The Subsurface Life in Mineral Environments (SLIME) Team Frequently-asked questions
Cave Ferromanganese Deposits (a.k.a corrosion residues)

Desert/Rock Varnish Ferromanganese Deposits

Lava Tube Microbial Mats

Sulfur Cave Microbial Ecology---Cueva de Villa Luz

Aeromicrobiology in Caves

Antibiotic production by cave microbes

Cave Pool Precipitates Arthropod Communities of
Carlsbad Cavern and Lechuguilla Caves

Human Impact in Caves

Q: How do caves form?
A: The simplest definition of a cave is a hole in the ground, but caves are far more complicated than just simple holes. A more complex definition is that caves are any natural space below the surface which extends beyond the twilight zone, and that is accessible to humans. Some would debate that spaces beneath the surface of the earth, without openings to the surface, should be considered caves as well. Caves can be classified by the type of rock they form in and how they form. The most common caves are formed in limestone and as lava tubes in basaltic rock. Other types of caves are less common and form in gypsum, granite, talus, quartzite, ice, and sandstone.

The process of cave formation is an extremely long process because the natural mechanisms are so slow. There are three main mechanisms that aid in the formation of caves: rainfall, sulfuric acid and flowing lava.


Water does not form caves through underwater streams like many people believe. The process of cave formation with water all begins with rain. This rain seeps into the surface of the earth and absorbs CO2, carbon dioxide given off by decaying vegetation in the soil. This absorption of CO2 begins a chemical reaction, which makes the water into a weak form of carbonic acid that can eat away at rock by dissolving calcite from the rock. As this acidic water reaches the cave it releases the gas, carbon dioxide, into the cave. Carbon dioxide then aids in the creation of speleothems, like stalactites and stalagmites.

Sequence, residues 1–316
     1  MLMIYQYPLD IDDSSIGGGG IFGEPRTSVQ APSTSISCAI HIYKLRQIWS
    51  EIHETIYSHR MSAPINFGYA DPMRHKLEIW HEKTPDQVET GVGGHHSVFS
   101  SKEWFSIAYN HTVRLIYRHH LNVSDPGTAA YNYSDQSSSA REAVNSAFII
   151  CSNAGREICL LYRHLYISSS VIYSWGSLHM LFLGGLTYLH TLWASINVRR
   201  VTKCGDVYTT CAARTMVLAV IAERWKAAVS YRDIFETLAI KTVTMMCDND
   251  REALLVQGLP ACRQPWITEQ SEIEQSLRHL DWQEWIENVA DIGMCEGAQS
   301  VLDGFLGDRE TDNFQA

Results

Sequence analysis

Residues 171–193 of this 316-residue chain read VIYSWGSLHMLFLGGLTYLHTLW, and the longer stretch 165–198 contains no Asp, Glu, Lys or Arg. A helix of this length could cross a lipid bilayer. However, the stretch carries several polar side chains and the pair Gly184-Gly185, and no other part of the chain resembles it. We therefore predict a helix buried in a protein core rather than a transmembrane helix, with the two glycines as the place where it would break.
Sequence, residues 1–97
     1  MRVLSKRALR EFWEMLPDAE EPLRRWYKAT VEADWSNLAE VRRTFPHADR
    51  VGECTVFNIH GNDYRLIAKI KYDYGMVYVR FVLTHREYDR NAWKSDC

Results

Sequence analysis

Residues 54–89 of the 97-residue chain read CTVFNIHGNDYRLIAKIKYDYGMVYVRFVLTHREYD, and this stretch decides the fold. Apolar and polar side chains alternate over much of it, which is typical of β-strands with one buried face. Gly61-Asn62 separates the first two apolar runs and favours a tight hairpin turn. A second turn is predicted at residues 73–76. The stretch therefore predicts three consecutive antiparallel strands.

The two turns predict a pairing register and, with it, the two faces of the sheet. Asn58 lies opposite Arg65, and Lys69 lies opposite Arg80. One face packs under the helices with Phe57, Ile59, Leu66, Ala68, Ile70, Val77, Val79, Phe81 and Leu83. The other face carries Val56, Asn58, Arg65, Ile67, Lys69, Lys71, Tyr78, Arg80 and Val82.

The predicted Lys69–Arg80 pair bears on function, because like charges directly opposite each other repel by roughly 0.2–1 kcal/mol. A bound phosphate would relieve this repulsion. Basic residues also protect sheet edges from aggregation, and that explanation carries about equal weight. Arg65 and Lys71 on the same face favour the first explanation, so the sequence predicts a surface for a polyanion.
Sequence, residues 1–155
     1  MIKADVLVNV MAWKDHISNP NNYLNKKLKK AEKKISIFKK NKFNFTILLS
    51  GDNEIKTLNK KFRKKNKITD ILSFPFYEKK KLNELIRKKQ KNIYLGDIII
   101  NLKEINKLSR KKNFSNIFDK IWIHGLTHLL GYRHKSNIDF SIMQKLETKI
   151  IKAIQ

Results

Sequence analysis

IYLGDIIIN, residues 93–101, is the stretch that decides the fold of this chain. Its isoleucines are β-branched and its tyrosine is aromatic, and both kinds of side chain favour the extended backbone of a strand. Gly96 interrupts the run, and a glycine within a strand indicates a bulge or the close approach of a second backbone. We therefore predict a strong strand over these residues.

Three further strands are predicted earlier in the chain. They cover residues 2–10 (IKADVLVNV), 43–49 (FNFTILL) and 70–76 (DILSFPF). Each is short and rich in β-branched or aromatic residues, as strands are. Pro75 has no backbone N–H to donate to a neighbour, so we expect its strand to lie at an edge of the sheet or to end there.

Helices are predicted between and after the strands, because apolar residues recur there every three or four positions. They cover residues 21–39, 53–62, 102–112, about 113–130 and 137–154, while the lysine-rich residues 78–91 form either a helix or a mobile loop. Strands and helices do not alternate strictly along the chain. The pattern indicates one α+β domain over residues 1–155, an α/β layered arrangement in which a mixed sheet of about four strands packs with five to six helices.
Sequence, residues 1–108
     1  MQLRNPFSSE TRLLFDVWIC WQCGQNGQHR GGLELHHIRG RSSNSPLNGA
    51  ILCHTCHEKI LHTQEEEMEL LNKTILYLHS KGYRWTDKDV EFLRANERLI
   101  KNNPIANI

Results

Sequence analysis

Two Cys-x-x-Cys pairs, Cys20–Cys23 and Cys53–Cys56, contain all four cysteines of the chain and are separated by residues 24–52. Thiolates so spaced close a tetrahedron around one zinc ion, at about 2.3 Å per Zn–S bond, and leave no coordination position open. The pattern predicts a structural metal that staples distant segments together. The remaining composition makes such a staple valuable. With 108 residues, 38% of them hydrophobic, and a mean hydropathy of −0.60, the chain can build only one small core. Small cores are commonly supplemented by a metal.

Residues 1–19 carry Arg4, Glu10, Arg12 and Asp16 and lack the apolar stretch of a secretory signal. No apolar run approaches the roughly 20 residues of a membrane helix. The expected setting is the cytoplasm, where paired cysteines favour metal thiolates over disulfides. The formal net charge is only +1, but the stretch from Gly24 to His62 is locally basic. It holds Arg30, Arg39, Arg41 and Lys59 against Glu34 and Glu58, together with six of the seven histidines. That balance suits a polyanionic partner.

You can see an animation of this process.

Flowing Lava

Did you know that one of the main reasons scientists believe that there may be life on other planets is because of lava tubes? From photographic evidence scientists have determined that Mars at one time experienced a large number of volcanic eruptions. From this fact scientists have developed the notion that there may also be lava tubes and caves on Mars. The lava tubes on Mars would form the same way they have here on earth. As lava flows out after a volcanic eruption the surface lava cools more quickly than the lava under the surface and solidifies. When the volcano stops erupting the rapidly flowing lava may drain from under the solid surface lava and leaves an empty tube of space behind. And just as they do on earth caves on Mars may protect life from the effects of planets surface environment and allow them to survive!